In many instances, this emergency exception can discreetly transform into a criminal investigation. There are numerous instances where an officer has responded to a reported emergency that resulted in an arrest.15 Despite the requirement to act reasonably, an officer’s subjective belief does not invalidate the exception.16 Additionally, the exception permits the officer to conduct a “protective sweep” in areas where the emergency may reasonably be found.17 Furthermore, any contraband or evidence of criminal activity observable in “plain view” during the emergency-based entry is subject to seizure.18
Prior to this case, there was a presumption that the emergency aid exception was related and limited to an imminent injury to a human being. In Massachusetts, there was no precedent or statutory provision for the courts to rely upon. Other state courts, for example, had addressed the issue by declaring that a reasonable interpretation of the emergency aid exception would permit the rendering of aid to “vulnerable and helpless animals.”19 Moreover, several states have held that “needless suffering and death” of animals is an exigent circumstance.20 These various state appellate court decisions display a growing consensus among the states that animals fall within the scope of living organisms protected by the emergency exception to the warrant requirement.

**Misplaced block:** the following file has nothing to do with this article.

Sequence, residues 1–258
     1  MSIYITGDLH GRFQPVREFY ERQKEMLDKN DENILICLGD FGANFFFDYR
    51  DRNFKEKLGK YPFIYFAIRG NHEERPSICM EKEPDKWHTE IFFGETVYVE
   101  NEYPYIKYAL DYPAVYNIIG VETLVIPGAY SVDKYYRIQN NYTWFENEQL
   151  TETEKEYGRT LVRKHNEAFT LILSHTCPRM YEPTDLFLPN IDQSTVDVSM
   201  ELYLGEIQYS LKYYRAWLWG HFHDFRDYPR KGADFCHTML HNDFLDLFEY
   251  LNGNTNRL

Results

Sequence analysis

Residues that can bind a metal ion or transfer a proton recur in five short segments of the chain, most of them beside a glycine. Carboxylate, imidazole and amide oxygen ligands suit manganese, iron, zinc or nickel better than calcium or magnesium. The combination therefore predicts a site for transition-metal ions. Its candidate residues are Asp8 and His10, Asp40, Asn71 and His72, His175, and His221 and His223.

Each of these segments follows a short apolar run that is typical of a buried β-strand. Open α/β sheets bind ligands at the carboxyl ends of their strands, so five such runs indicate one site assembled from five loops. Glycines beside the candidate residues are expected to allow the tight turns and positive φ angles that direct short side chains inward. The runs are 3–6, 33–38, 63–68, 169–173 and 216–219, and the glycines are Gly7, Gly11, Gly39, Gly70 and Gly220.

IV. The Supreme Judicial Court’s use of Statutory public policy to expand the emergency exception to include Animals
The SJC relied heavily on public policy underlying Massachusetts’s criminal statutes. The Court reasoned that it would be counterintuitive to punish individuals for animal mistreatment and abuse but prohibit officers from entering an alleged abuser’s dwelling without a warrant to render reasonable emergency aid.21 In particular, judges have the authority to make a totality-of-the-circumstances finding of whether there is imminent threat of bodily injury to a pet and judges are required to notify officers of such a finding.22